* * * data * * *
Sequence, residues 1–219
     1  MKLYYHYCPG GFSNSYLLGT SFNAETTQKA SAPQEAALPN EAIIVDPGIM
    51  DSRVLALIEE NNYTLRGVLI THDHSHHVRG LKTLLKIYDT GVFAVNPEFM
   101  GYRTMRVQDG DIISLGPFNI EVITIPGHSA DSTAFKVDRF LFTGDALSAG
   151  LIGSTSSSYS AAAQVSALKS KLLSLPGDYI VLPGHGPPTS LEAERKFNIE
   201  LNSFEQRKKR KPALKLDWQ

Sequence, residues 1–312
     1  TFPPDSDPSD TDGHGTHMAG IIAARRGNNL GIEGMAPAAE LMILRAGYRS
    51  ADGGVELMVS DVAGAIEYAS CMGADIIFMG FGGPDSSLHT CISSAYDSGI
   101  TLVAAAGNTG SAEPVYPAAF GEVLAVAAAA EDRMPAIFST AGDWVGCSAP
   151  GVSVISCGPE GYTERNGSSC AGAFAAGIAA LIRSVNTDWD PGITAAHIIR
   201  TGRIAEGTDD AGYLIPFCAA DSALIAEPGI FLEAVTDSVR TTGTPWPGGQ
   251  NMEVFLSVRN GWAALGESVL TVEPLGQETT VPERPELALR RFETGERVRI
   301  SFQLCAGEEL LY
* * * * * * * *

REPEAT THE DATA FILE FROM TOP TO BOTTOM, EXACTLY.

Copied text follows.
Sequence, residues 1–219
     1  MKLYYHYCPG GFSNSYLLGT SFNAETTQKA SAPQEAALPN EAIIVDPGIM
    51  DSRVLALIEE NNYTLRGVLI THDHSHHVRG LKTLLKIYDT GVFAVNPEFM
   101  GYRTMRVQDG DIISLGPFNI EVITIPGHSA DSTAFKVDRF LFTGDALSAG
   151  LIGSTSSSYS AAAQVSALKS KLLSLPGDYI VLPGHGPPTS LEAERKFNIE
   201  LNSFEQRKKR KPALKLDWQ

Sequence, residues 1–312
     1  TFPPDSDPSD TDGHGTHMAG IIAARRGNNL GIEGMAPAAE LMILRAGYRS
    51  ADGGVELMVS DVAGAIEYAS CMGADIIFMG FGGPDSSLHT CISSAYDSGI
   101  TLVAAAGNTG SAEPVYPAAF GEVLAVAAAA EDRMPAIFST AGDWVGCSAP
   151  GVSVISCGPE GYTERNGSSC AGAFAAGIAA LIRSVNTDWD PGITAAHIIR
   201  TGRIAEGTDD AGYLIPFCAA DSALIAEPGI FLEAVTDSVR TTGTPWPGGQ
   251  NMEVFLSVRN GWAALGESVL TVEPLGQETT VPERPELALR RFETGERVRI
   301  SFQLCAGEEL LY